Given the diagnostic evidence, physical examination findings, conservative treatment methods and positive results, I find that the record evidence as a whole supports the decision to accord little weight to Dr. Roatsey’s assessments and, for the same reasons, it supports the ALJ’s physical residual functional capacity finding. Therefore, I find that the ALJ’s decision not to afford controlling weight to the opinions of Dr. Roatsey is supported by substantial evidence in the record. For the reasons that follow, I also find unpersuasive Mullins’s argument that the ALJ failed to give full consideration to Farley’s findings regarding his mental impairments and their resulting effects on his work ability.

The ALJ stated that he was according little weight to the assessments and conclusions of Patrick Farley, Ed.D., LPC, NCC, a licensed professional counselor, who is an unacceptable medical source, because they are inconsistent with his own clinical findings, as well as fail to correlate functionally with the other clinical findings in the record. (R. at 28.) Under the Social Security Regulations, only an “acceptable medical source” can establish whether a claimant has a medically determinable impairment. See 20 C.F.R. § 404.1513(a) (2013). Acceptable medical sources are licensed physicians, licensed or certified psychologists, licensed optometrists, licensed podiatrists and qualified speech-language pathologists. See 20 C.F.R. § 404.1513(a)(1)-(5) (2013). However, the Regulations also allow for the consideration of evidence from “other sources” in determining the severity of a claimant’s impairment(s) and how it affects a claimant’s ability to work. See 20 C.F.R. § 404.1513(d) (2013). “Other sources” include, but are not limited to, nurse practitioners, physicians’ assistants, school teachers and therapists. See 20 C.F.R. § 404.1513(d)(1)-(4) (2013).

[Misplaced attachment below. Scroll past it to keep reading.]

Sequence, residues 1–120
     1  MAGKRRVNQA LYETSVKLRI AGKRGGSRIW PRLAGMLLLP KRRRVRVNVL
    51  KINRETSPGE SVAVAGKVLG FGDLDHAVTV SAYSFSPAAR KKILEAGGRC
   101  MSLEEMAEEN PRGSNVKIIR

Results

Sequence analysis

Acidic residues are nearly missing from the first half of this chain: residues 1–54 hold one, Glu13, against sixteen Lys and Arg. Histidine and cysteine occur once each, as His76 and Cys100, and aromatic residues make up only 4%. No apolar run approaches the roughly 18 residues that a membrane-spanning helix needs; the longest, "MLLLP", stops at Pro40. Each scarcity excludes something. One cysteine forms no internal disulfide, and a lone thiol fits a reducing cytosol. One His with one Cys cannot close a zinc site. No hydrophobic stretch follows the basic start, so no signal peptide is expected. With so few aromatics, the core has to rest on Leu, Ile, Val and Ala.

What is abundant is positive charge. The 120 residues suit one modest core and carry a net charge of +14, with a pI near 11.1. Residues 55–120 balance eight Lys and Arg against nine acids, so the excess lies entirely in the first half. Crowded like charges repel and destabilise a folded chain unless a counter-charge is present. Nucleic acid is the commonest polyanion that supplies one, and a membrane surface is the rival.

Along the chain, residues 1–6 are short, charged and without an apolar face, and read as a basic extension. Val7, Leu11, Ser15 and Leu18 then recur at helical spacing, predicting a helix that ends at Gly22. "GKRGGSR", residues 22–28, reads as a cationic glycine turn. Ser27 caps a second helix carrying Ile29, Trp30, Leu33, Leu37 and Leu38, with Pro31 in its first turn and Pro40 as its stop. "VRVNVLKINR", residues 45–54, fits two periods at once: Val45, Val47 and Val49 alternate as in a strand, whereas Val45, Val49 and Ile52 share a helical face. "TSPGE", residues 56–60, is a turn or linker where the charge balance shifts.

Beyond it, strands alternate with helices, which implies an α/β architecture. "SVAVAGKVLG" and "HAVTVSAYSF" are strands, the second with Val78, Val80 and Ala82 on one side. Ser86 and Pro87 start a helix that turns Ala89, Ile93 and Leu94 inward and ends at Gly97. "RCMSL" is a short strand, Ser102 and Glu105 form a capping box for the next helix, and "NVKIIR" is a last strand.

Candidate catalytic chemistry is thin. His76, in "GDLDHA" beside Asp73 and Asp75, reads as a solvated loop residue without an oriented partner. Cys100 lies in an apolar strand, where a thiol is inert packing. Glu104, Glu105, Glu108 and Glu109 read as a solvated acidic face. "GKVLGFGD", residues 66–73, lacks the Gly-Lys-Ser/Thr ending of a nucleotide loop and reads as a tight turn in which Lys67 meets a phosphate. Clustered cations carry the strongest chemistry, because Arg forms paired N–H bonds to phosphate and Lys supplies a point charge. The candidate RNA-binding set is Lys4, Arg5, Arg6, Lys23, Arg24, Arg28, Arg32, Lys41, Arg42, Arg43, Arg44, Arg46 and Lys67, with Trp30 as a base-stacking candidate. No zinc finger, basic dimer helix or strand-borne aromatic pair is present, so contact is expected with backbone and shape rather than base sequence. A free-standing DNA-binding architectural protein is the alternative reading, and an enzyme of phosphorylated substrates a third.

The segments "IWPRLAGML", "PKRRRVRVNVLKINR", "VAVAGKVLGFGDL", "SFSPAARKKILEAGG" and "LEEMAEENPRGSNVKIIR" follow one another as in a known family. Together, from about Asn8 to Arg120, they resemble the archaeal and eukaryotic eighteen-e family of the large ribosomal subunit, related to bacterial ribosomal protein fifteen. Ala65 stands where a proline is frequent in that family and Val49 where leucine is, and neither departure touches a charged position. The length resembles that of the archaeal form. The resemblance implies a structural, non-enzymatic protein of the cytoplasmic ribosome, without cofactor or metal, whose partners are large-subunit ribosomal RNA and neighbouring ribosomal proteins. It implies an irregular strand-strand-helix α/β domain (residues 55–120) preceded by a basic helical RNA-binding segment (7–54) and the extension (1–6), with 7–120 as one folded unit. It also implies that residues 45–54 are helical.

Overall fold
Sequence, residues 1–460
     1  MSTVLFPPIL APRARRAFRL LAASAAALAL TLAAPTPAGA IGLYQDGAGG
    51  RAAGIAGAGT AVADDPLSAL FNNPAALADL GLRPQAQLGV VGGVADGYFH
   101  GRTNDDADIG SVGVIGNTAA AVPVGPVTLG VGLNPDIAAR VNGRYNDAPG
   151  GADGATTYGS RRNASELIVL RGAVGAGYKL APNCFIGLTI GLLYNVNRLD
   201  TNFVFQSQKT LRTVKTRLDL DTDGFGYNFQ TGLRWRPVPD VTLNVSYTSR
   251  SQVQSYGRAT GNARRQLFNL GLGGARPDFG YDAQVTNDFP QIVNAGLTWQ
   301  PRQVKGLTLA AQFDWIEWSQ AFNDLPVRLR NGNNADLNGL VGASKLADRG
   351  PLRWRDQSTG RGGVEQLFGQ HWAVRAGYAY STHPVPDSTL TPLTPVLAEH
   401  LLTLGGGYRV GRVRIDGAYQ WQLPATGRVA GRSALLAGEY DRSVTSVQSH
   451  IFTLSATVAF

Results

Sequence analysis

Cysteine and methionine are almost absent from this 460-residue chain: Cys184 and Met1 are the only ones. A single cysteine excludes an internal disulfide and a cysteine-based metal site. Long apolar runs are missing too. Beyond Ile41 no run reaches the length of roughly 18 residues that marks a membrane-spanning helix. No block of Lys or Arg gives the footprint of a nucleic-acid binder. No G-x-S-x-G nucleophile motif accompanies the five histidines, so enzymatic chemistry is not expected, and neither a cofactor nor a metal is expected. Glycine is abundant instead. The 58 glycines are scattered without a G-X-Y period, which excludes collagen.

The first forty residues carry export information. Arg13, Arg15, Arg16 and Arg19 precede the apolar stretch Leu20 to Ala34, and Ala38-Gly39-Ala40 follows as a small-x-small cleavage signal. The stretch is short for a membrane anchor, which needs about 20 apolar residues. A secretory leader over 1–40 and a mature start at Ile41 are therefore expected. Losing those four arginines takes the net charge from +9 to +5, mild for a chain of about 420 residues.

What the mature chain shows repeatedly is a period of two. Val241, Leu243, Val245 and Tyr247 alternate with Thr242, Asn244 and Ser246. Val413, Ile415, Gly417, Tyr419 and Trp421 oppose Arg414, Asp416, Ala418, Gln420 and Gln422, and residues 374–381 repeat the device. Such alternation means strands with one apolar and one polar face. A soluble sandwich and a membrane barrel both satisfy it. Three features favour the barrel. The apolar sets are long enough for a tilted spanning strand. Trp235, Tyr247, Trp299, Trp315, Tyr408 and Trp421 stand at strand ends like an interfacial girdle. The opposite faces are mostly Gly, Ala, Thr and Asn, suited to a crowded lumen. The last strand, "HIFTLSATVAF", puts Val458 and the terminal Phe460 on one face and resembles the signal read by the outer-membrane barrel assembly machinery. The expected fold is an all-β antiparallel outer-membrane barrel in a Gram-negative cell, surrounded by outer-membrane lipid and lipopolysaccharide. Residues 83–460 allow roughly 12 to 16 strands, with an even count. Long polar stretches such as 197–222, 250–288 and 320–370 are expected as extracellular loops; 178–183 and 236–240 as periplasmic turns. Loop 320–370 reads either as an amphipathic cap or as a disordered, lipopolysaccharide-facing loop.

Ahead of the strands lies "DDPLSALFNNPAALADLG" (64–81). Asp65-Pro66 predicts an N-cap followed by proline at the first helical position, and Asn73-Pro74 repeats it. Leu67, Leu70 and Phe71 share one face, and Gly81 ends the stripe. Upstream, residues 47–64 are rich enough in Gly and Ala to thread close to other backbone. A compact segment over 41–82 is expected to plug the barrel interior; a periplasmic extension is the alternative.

Here, despite not being an “acceptable medical source” under the Regulations for purposes of diagnosing an impairment, Farley, a licensed professional counselor, is considered an “other source” under 20 C.F.R. § 404.1513(d) who can opine on the severity of Mullins’s impairments and their effect on his ability to function. The opinions of such an “other source” are to be considered using the same factors set forth at 20 C.F.R. § 404.1527(c) for the evaluation of medical opinions from “acceptable medical sources.” Such factors include the length and frequency of treatment, consistency of the opinion with the other evidence, degree of relevant supporting evidence, how well explained the opinion is, whether the source has an area of expertise related to the claimant’s impairment(s) and any other factors tending to support or refute the opinion.